Alcoholism is a primary, chronic disease with genetic, psycho-social, and environmental factors influencing its development and manifestations. The disease is often progressive and fatal. It is characterized by continuous or periodic: impaired control over drinking, preoccupation with alcohol, use of alcohol despite adverse consequences, and distortions in thinking, most notably denial.
If you drink alcoholic beverages, even occasionally, you need to know the facts about alcoholism. The American Medical Association, World Health Organization, and all responsible medical authorities have considered alcoholism a disease for nearly 50 years.
Who Becomes Alcoholic?
Although it isn’t possible to predict who will become an alcoholic, understanding the illness provides a better chance of self-diagnosis. The earlier this information is understood the better. As the illness progresses, self-diagnosis becomes more difficult, and misinformation and stigma contribute to denial, the hallmark of the disease.
Definition of Alcoholism
Alcoholism is a primary, chronic disease with genetic, psychosocial, and environmental factors influencing its development and manifestations. The disease is often progressive and fatal. It is characterized by continuous or periodic:
impaired control over drinking,
preoccupation with alcohol,
use of alcohol despite adverse consequences, and
distortions in thinking, most notably denial (American Society of Addiction Medicine.)
The fact that alcoholism is partly hereditary has been known for decades. This makes alcoholics, while not to blame for their disease, responsible for its consequences and treating it when symptoms become evident.
Did You See Yourself?
In the definition of alcoholism, did you focus first on symptoms that didn’t match your drinking pattern? Unlike cancer, where any symptom would cause alarm, symptoms of alcoholism that a person can say they do not have usually get the most attention. This is particularly true with persons confronted by others over their alcohol-related problems.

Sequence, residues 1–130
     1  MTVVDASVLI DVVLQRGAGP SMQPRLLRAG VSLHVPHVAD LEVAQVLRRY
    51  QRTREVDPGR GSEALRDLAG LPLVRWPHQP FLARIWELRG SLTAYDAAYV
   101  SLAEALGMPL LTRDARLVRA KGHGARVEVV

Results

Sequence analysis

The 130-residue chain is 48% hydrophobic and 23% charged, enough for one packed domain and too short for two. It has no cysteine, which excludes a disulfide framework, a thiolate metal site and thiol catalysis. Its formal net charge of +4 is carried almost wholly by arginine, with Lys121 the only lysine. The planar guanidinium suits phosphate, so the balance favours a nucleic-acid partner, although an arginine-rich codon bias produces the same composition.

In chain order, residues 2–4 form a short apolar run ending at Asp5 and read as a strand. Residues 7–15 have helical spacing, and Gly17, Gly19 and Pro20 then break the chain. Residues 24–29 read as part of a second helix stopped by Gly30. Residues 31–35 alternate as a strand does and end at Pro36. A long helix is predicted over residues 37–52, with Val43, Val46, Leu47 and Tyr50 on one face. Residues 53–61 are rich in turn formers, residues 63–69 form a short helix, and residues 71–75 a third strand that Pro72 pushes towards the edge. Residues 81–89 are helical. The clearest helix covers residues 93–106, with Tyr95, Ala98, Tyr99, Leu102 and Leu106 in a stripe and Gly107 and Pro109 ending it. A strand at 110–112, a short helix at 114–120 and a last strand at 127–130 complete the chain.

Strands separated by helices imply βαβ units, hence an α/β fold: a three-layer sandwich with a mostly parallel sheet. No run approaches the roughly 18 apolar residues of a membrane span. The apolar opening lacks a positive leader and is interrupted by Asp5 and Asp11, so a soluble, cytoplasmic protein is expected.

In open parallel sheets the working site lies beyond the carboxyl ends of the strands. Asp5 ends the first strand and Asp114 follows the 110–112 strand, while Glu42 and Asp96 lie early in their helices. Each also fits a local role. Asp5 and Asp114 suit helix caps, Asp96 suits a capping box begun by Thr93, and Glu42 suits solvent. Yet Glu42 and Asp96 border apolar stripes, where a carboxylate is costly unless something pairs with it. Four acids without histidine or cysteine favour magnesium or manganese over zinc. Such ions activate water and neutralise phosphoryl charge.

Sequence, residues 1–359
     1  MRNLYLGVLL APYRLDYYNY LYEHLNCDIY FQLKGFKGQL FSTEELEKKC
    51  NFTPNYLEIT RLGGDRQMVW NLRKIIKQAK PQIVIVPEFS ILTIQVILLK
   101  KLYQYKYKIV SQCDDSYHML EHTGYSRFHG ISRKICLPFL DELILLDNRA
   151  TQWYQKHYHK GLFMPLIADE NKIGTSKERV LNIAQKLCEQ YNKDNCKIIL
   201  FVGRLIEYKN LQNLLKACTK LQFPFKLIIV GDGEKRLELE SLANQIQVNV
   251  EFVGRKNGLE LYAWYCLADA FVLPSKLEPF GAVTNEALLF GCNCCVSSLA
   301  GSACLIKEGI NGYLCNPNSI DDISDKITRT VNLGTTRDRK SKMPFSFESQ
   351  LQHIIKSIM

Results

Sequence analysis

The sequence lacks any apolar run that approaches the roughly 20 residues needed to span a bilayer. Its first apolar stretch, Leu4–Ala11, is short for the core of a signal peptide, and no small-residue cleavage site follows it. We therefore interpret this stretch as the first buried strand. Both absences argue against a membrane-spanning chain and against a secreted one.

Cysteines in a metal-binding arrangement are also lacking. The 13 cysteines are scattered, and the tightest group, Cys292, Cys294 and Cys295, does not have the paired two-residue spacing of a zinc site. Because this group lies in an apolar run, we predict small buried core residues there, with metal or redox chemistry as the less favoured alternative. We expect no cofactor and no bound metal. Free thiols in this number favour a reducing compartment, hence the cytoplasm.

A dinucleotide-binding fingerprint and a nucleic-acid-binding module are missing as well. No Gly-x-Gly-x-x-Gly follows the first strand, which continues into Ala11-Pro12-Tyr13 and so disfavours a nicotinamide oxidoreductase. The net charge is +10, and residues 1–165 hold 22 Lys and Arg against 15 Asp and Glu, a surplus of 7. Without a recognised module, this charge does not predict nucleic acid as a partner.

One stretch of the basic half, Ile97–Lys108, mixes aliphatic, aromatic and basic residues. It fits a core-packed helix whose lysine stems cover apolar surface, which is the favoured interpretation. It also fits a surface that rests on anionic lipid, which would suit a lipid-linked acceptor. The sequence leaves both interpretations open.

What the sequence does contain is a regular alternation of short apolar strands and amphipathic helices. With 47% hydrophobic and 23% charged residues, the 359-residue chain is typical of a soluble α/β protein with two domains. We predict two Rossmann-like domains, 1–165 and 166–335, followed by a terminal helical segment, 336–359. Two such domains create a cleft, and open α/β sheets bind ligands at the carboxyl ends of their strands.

Most alcoholics have a false definition of alcoholism that excludes them. This definition is based upon symptoms they have ruled out. These missing symptoms are used to explain why they are not alcoholic. Over time, their definition will change as new symptoms emerge with increasing severity, and the need to “compare out” grows more urgent.
Although in denial, most people with alcoholism have some awareness of a connection between their personal problems and drinking. This makes self-diagnosis possible when questions about drinking experiences associated with the disease are presented in a professional evaluation.
Looking Deeper at Denial
The terms “problem drinker” and “functional alcoholic” are labels that support denial. They help the alcoholic continue drinking unaffected by the anxiety of awareness. These are not medical terms. They assist the alcoholic, family, and/or friends with comparing out of the diagnosis.
A One Question Quiz
Have you seriously wondered whether you could be an alcoholic? If so, a full evaluation is a good idea. Social drinkers (those who drink, but do not have alcoholism) do not seriously consider this question.
The “CAGE” assessment is often used to quickly screen for alcoholism. Answering “yes” to two or more of the following questions usually confirms the diagnosis:
1) Have you ever tried to Cut down on your drinking?
2) Do you get Annoyed when people talk about your drinking?
3) Do you feel Guilty about your drinking?
4) Have you ever had an Eye-opener? (A drink first thing in the morning?)
Full evaluation tests include the Michigan Alcoholism Screening Test (MAST) and others that focus on behavioral symptoms like memory loss while drinking, DUIs, lost time from work, family complaints, concerns of relatives, worries about one’s drinking, prior treatment, liver trouble, relationship problems, arrests or fights when drunk, failed promises at cutting back, and more. Some liver function tests can also spot evidence of alcoholism by abnormalities in the liver’s enzyme production.
What the EFAP Can Do
Completing a full evaluation with an experienced professional is the best way to identify alcoholism. EFAP staff are trained in conducting evaluations, and there is no cost. If you are concerned about your drinking, you may have tried to stop drinking by doing it “your way.” Follow the advice of a professional who understands the disease, and you will have a better shot at abstinence and successful recovery from alcoholism.